them the most as writers.

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    We refer to that as
    an uncritical resistance.

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    So you're not really open to receiving
    any kind of feedback, and the feedback

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    that you do receive, you just tend to
    reject without really thinking about it.

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    And I would encourage students

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    to not necessarily change how
    they feel about feedback.

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    It's really not possible to change
    how you feel about something.

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    But really start to change their
    view of what feedback is and

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    how it's meant to work.

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    I think to add to that as well, I would
    encourage the student to sit down and

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    read the comments.

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    A lot of times I think
    the reactions to comments can

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    also be connected to reaction to grades.

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    So if it's a really low grade
    you weren't anticipating,

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    maybe that's not the moment to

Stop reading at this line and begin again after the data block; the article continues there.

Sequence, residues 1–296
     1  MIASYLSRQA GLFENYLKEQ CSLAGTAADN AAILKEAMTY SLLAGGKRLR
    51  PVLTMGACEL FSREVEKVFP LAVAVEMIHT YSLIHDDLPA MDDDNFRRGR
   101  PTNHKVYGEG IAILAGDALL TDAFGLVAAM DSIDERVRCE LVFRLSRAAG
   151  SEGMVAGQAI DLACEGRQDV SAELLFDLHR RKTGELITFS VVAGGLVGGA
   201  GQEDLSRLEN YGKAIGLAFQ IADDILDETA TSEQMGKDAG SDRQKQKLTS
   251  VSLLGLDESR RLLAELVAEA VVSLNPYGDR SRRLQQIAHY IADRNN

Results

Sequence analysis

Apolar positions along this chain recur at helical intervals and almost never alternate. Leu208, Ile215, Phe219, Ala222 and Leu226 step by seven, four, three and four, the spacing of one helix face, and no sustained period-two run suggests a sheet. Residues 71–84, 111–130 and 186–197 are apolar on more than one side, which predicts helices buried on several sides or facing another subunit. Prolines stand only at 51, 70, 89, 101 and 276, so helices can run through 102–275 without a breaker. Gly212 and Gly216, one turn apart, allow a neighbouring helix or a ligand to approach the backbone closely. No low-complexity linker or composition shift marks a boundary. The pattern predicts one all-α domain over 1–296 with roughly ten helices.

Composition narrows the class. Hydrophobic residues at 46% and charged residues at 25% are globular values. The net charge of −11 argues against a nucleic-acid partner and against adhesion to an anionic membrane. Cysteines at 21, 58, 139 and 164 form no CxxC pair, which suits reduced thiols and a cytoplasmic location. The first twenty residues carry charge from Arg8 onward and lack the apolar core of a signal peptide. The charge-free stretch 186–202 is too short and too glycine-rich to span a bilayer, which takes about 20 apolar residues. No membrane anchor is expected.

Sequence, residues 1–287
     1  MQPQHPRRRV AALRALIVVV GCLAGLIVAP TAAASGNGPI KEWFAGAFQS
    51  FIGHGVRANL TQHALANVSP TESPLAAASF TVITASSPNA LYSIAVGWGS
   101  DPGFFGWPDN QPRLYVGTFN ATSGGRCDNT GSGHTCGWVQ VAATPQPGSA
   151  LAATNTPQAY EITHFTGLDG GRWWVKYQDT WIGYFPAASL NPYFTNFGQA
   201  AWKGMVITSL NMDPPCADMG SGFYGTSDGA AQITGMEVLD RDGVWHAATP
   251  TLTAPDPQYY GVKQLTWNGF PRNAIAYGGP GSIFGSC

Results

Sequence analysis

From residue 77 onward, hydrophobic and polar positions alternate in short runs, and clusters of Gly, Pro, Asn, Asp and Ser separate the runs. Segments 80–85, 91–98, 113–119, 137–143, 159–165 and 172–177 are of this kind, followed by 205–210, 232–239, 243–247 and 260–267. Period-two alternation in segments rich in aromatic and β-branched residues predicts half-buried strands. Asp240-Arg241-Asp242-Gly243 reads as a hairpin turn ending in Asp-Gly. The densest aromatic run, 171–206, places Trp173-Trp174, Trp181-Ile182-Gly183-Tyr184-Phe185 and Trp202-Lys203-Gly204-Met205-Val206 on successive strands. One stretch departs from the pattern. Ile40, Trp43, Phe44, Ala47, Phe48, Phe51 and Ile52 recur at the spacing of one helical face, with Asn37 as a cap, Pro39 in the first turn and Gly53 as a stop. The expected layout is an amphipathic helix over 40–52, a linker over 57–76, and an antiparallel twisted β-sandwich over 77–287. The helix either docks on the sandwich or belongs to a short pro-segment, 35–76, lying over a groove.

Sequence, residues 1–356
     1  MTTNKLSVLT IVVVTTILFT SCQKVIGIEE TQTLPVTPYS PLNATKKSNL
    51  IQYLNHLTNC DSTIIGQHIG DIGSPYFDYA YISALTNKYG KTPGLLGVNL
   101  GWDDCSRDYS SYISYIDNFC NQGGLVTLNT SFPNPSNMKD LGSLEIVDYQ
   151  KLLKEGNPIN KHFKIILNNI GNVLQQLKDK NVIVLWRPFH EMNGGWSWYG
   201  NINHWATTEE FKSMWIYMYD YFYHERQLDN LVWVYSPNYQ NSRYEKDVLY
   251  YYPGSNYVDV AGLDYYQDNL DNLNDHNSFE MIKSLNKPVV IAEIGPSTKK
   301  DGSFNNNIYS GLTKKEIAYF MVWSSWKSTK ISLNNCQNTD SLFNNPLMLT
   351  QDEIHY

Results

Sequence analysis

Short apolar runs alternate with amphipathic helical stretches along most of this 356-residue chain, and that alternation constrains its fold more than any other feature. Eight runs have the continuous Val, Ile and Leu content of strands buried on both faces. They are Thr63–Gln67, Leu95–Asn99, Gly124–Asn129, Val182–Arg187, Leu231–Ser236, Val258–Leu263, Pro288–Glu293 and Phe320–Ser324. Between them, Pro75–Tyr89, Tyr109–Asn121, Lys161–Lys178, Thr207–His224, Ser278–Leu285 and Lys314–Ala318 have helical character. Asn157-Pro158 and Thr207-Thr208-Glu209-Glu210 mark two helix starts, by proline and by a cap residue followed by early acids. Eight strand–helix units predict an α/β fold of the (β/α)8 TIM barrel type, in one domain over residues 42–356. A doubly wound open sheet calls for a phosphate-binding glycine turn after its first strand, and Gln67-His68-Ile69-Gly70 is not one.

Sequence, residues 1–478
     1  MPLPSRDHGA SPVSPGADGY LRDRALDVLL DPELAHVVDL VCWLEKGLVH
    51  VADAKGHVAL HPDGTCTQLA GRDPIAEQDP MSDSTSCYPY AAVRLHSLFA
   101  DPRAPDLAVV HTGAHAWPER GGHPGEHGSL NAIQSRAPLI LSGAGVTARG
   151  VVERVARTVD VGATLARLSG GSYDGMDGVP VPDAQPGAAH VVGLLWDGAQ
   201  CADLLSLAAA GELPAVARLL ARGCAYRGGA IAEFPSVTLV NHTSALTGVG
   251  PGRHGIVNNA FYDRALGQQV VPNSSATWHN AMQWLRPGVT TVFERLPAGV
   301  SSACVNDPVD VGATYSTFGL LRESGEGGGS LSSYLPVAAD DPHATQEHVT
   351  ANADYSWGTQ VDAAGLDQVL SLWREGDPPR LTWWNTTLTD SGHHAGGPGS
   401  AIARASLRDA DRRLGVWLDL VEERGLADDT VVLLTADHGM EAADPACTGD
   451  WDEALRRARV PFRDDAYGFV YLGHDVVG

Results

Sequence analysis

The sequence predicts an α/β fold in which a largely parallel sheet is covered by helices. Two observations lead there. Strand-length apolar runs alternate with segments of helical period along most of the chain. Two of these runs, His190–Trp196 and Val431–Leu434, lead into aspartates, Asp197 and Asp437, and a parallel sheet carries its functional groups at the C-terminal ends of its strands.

read the comments you received.

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    But walk away from it,
    give it some time, and

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    then force yourself to go back and
    read that feedback.

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    The more distance you have
    from your own writing,

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    the more critical you can be of your
    own writing, and that might also help

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    a student feel more open to
    the comments that they've received.

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    There are obstacles that
    make it more difficult for

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    people to engage with feedback.

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    And so those obstacles include,
    in particular,

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    any kind of change or
    transition in different spaces.

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    So students in our study talked about how
    the feedback they received in high school

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    was different than the feedback
    they received in college.

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    You're gonna get different
    types of feedback,

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    you're gonna get different
    amounts of feedback.

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    And just being open to adjusting and
    adapting to that I think can

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    help make the process of engaging with
    feedback a little bit more productive.

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    In terms of getting different kinds
    of feedback across different context,

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    we found that students said over and

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    over that they felt that
    feedback was really subjective.

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    Because it changed so
    much from one context to the next.

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    But across those context,

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    what matters in the end is how
    you engage with that feedback.

Interview with Emily Wilson and Justine Post: For Students

From Developing Writers in Higher Education: A Longitudinal Study by Anne Ruggles Gere, Editor